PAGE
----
incentivize Natixis to provide the assistance necessary to obtain promptly the ratings on the B Notes. Tr. [Medvecky] 418:24-419:11; Tr. [Tilton] 566:3-10; PX-48 (Natixis internal email noting that “[w]e are NOT entitled to any of these arranger 30

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fees until we get at least $50mm of the BBB Notes rated.

This

criteria was meant to hold us to what we represented we [could] get rated.”). Ken Wormser (“Wormser”), a senior banker at Natixis, testified that $50 million was chosen because it was the minimum amount to ensure Natixis did a proper job, noting that anything less than that “was sort of too easy and [we] wouldn’t get paid for it.” Tr. [Wormser] 307:4-10.

The parties understood it might not be possible to obtain ratings on the entire face amount of the B Notes when the ratings were initially sought. See, e.g., Tr. [Tilton] 1363:41364:10; PX-3 § 3.04; PX-5 § 7.13(b)(4); see also PX-444 [Tilton Tr.] 123:22-124:19; Tr. [Tilton] 597:4-598:23 (same); PX-445

[Murtagh Tr.] 287:16-288:7 (stating that MBIA believed that contribution of the B Notes would occur at the time of a perceived shortfall in Z-1 and Captiva and that the remainder would become the Class C Notes).

Accordingly, the Indenture provided that if the ratings were obtained on less than the full $150 million Class B Notes – referred to in the Indenture as a “Rating Failure” – the Class B Notes would be reissued in the ratable amount and new Class C Notes would be issued for the then-unrated amount. PX-5 31

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§ 7.13(b)(4) (Indenture provision addressing creation of Class C Notes).

2.

The Change in Strategy for Collateral Acquisition

After Zohar I closed, the market for distressed debt changed in a way that impaired Patriarch’s ability to carry out the original strategy of buying distressed loans. See, e.g., Tr. [Mauer-Litos] 98-99. By February 2004, “the market for

opportunity in buying discounted distressed loans had closed,” because “[o]thers had found the opportunity and increased the price levels.” 1286-87. Tr. [Tilton] 1286; see also id. 569-70, 1239,

As Murtagh testified, “[t]he market was rallying [in

2004], and that’s not good for a distressed buyer. And that generally is what was happening at that time frame. The price – bond prices were going up, and Patriarch’s platform was at the time to buy distressed debt.” PX-445 [Murtagh Tr.] 101.

That Zohar I was not able to buy suitable loan assets as had been contemplated threatened not only Patriarch’s ability to build value for the B Notes, but also its ability to ramp up and obtain a rating confirmation of the A Notes. MBIA was

aware that Patriarch was not going to be able to reach the $750 32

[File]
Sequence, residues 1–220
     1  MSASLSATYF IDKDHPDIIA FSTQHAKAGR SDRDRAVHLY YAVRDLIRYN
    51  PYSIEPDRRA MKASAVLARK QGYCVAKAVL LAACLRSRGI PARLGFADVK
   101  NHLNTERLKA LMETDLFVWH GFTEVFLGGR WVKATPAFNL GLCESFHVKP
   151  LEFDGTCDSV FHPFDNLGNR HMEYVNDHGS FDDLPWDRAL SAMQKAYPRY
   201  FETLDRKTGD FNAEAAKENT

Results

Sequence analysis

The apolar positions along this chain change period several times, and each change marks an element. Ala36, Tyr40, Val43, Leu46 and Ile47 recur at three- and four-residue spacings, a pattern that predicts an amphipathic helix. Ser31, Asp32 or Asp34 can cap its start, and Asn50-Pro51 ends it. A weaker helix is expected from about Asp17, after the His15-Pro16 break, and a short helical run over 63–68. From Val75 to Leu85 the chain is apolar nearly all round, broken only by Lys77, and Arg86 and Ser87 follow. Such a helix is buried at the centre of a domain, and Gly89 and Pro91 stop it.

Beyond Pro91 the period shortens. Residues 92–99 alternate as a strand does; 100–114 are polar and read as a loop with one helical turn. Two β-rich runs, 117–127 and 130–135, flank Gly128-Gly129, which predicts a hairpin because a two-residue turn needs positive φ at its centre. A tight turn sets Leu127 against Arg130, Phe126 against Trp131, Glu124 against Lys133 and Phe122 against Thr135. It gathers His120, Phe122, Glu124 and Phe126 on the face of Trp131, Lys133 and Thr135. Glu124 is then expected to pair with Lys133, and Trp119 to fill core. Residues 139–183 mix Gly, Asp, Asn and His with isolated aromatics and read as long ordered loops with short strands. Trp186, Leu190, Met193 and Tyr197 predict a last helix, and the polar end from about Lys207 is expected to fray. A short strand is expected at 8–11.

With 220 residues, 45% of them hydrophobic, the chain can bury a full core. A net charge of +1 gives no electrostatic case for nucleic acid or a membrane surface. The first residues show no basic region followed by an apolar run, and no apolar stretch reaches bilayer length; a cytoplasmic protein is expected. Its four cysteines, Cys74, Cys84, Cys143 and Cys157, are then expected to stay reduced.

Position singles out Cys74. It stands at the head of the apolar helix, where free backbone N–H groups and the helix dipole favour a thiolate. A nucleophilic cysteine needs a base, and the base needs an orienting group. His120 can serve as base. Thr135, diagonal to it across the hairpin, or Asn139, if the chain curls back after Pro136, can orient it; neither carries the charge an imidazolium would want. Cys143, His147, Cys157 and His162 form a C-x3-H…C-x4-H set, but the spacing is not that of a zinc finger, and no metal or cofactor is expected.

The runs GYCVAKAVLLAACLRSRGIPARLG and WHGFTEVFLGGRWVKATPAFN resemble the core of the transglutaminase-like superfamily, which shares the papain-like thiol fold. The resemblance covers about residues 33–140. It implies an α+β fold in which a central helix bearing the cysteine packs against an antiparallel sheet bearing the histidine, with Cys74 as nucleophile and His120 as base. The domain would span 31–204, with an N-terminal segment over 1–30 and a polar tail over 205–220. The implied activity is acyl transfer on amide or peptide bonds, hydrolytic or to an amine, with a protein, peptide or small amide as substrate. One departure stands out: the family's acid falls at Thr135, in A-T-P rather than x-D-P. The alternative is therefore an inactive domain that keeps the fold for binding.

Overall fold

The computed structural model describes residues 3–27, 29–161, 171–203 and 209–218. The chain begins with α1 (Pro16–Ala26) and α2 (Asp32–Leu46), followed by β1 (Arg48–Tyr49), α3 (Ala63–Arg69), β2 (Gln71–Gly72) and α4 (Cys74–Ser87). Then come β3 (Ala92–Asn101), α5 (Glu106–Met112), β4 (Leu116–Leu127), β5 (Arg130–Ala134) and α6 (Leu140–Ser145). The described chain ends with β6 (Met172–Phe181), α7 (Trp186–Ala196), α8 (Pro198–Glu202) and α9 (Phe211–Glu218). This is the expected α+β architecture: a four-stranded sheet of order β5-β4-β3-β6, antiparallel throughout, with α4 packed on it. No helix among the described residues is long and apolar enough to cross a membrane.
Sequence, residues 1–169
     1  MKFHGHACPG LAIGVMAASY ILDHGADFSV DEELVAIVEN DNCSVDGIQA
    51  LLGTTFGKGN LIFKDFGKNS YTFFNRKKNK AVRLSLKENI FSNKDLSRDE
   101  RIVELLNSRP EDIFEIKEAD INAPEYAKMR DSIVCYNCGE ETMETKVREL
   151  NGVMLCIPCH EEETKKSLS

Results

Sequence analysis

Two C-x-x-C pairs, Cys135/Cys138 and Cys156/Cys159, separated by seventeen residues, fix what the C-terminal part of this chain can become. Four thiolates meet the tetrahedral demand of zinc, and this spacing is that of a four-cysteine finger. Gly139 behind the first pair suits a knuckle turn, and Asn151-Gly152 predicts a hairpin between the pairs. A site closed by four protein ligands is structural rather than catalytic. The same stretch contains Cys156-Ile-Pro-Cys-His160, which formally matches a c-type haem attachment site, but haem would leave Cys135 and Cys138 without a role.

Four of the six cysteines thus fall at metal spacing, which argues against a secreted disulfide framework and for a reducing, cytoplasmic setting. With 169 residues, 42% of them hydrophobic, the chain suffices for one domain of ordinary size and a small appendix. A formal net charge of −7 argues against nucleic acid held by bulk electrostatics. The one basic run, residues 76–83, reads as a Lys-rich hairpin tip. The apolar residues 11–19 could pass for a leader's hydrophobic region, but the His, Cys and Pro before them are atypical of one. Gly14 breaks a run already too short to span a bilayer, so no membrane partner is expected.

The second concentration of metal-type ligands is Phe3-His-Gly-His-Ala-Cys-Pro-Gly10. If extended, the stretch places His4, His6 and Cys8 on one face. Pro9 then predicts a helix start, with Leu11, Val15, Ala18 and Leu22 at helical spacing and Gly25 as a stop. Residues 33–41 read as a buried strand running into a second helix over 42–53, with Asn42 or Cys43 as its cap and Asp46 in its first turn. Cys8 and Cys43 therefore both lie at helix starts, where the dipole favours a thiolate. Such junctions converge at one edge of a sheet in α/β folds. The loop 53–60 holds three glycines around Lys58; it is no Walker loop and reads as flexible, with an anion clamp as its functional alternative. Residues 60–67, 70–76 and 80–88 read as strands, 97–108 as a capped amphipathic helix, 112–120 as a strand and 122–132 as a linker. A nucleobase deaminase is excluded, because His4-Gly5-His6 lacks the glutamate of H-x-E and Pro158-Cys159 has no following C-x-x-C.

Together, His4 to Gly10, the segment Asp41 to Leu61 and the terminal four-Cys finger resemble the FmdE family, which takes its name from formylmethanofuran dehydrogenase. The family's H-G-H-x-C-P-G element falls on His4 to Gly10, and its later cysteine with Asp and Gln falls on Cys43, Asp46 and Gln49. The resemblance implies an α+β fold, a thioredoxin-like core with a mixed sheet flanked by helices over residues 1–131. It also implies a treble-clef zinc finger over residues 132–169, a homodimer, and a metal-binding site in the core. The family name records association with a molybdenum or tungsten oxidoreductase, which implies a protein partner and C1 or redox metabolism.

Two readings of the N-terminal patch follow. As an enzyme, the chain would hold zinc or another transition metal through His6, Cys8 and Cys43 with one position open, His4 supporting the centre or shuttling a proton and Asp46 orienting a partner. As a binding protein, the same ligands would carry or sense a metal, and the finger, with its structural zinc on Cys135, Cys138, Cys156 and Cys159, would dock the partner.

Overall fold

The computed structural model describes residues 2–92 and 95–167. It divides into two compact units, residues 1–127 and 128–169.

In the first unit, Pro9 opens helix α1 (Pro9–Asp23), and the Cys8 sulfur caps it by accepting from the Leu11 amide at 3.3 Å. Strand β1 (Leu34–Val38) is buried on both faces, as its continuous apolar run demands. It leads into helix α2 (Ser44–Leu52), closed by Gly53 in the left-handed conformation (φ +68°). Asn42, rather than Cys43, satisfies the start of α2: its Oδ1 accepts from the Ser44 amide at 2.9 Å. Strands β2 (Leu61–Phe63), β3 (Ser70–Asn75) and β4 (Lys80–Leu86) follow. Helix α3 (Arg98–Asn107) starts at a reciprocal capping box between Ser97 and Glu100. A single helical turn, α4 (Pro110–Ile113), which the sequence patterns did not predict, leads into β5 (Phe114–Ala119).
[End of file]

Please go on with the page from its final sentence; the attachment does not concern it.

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million ramp up target given the market change. Litos] 158-59.

Tr. [Mauer-

Failure to confirm A Notes’ rating would constitute an Event of Default under the Indenture that could have resulted in an immediate liquidation of Zohar I, at which point MBIA would have been required to pay claims to the holders of the A Notes to the extent that the interest and principal could not be repaid from the cash flows from Zohar I. PX-5 §§ 5.1(o),

5.2(a); Tr. [Mauer-Litos] 164-65; Tr. [Tilton] 1375-76.

To save the Zohar I deal from failing, Patriarch proposed a revised investment strategy. Rather than buy loans

on the secondary market at a steep discount, Zohar I would originate loans and lend money to companies at or close to 100 cents on the dollar and seek in return equity “kickers,” such as warrants or stock. If the borrowers could improve their financial performance, the kickers would increase in value. Tr. [Mauer-Litos] 99; Tr. [Tilton] 571, 1238-40.

In April 2004, Mauer-Litos sent an email to Tilton regarding the proposed change in strategy that Tilton understood as questioning Patriarch’s right to alter the initial 33

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distressed-debt business model. well to the email.

PX-26.

Tilton did not react She

Id.; Tr. [Tilton] 572:10-573:2.

responded by insisting the strategy change was permitted under the Zohar I Indenture, and reminding MBIA that it was facing a $200 million loss in the Identified CDOs and assuring MBIA that the strategy change was driven by her “deep desire” to help MBIA with “80% of the upside.” PX-26. Mauer-Litos understood

Tilton’s reference to “80% of the upside” as meaning 80% of the Zohar I Class B Notes. Tr. [Mauer-Litos] 105:1-8. Mauer-Litos

also understood Tilton to be saying that MBIA was dependent on Patriarch because Patriarch was going to build value in the Class B Notes. Id. at 105:15-23.

Tilton outlined the new strategy to MBIA executives at a meeting held in May 2004 and explained that the new investment strategy was a necessary reaction to market conditions and that the building of collateral would require long-term work to turn around distressed companies. [Zucker Tr.] 54-56. Tr. [Tilton] 1239-40; DX-291

While building value would be more time-

consuming and more laborious than the initial strategy, DX-291 [Zucker Tr.] 53-56, the options at that point in time were either to change the strategy or terminate the transaction altogether, and “the change in strategy was [MBIA’s] best hope 34

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to . . . close any potential hole” in (i.e., remediate) the distressed CDOs, id. at 50-51, 77.